5 Things to Know About Anti-Harassment and Restraining Orders

You are being harassed due to a dispute or break up.  You do not want any contact with the other person for the time being or beyond.  There are different types of civil protection orders, and you need to determine which fits your situation.  What should you know about protection orders?

 

1. A civil protective order is a court order to stop harassing you.

 

A court order means that a judge signs a document commanding a person to stop harassing behavior aimed at you.  Seeking a civil order means you are not asking for the other person to be jailed or charged with a crime as long as they do not violate the order.  A civil protection order commands the other person not to make contact with you, either in person, through the phone or internet, on social media, or through another person.  A protection order also bars the other person from entering or coming near your home, school, and place of employment.  Violation of the order may result in arrest and charges.

 

2. If there is an emergency, call 911 immediately.

 

A civil anti-harassment or restraining order may be an appropriate measure if it is related to civil litigation, divorce, or a child custody dispute.  A protection order is issued by the court system, which is separate from the police.  If you feel you are in immediate danger of assault or other crime, call 911 and decide later if seeking a protection order is the proper next step to take.  A criminal protection order relating to the charges of the suspect may be appropriate; criminal protection orders are not discussed here.

3. There are different types of protection orders depending on your situation.

 

There are several different types of civil protection orders.  A “restraining order” stems from an ongoing family law case, such as a divorce or child custody dispute.  An “anti-harassment order” is for cases that do not involve a spouse or the parent of your child, such as an acquaintance or neighbor.  Other types of civil protection orders are available for victims of domestic violence and vulnerable adults.  An attorney can help you understand what type of protection order is appropriate for your circumstances.

 

4. A temporary protective order initially lasts 14 days and can result in arrest if violated.

 

To obtain a protective order, you will fill out an application stating why you need protection and have it signed by a judge.  The person you are seeking protection from will be notified and the order will be in effect as soon as this happens.  If you need protection beyond 14 days, an order can be extended or made permanent.  Violation of a domestic violence protection order or restraining order results in mandatory arrest and potential charges.  Police officers have discretion to arrest someone who violator of an anti-harassment order.  Violation of a protective order is a gross misdemeanor and the person can also be held in contempt.  If you are assaulted, the potential charges are more serious.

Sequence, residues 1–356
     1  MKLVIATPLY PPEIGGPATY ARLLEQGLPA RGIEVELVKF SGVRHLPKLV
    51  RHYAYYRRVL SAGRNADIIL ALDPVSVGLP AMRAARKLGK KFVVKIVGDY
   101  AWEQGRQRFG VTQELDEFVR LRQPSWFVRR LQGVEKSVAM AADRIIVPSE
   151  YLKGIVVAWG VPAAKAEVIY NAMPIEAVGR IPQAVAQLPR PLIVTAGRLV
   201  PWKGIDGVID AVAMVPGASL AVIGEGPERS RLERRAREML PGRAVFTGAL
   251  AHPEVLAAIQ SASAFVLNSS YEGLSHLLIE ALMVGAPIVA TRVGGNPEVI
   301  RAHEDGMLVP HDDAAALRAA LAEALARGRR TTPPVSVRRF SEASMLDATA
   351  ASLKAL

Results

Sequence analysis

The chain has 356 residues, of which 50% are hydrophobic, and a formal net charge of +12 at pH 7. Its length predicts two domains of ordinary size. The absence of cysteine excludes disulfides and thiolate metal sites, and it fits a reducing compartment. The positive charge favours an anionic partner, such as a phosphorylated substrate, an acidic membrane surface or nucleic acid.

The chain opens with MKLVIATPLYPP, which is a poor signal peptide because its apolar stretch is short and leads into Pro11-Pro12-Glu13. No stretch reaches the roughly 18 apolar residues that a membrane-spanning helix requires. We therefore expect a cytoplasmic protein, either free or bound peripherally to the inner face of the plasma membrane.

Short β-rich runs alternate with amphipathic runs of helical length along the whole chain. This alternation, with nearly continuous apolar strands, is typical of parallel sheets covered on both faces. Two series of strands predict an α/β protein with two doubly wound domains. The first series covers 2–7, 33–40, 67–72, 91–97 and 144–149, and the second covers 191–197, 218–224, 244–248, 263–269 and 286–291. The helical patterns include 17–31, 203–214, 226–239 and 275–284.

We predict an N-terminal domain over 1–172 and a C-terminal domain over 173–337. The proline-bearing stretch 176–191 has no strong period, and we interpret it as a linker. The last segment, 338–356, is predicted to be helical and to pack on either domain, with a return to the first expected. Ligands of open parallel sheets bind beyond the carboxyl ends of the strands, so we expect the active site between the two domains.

5. Restrictions on seeking a protection order.   

 

There are no restrictions on seeking an order due to the other person being a family member, spouse, parent to your child, or member of the same sex.Generally, any adult may seek a protection order.Minors may require protection against a parent, family member, or dating partner.The type of order sought affects whether the minor can seek an order directly or if an adult must do so on her behalf.Contact an attorney to help determine what type of protection order is necessary and who is protected.

Practice Areas

MAIN OFFICE (and mailing)

6100 219th St. SW, Suite 480

Mountlake Terrace, WA 98043

DOWNTOWN SEATTLE (by appointment only)

1001 Fourth Ave. #3200

Seattle, WA 98154

DOWNTOWN TACOMA (by appointment only)

1201 Pacific Ave. #600

Tacoma, WA 98402

SILICON VALLEY, CA​ (by appointment only)

TEL:  (206) 259-1259

FAX:  (855) 925-9529

EMAIL: paralegal@akw-law.com

 

说中文

habla español

© 2020 by AKW Law, P.C. All rights reserved.

 

 

DISCLAIMER: This site and any information contained herein are intended for informational purposes only and should not be construed as legal advice under any circumstances, nor should it be construed as creating an attorney-client relationship. Transmission of information to/from this website and/or blog does not create an attorney-client relationship, and such relationship will only be established after the attorney and client discuss the facts of the client’s case, a conflict check has occurred, and a written fee agreement is signed by the attorney and client. Do NOT disclose any confidential or private information not known to the public in any communications through this website AND until a conflict check has been completed. All visitors to this site are encouraged to retain counsel to review their individual matters and provide legal advice. Please check the latest laws and rules as content may not have been updated.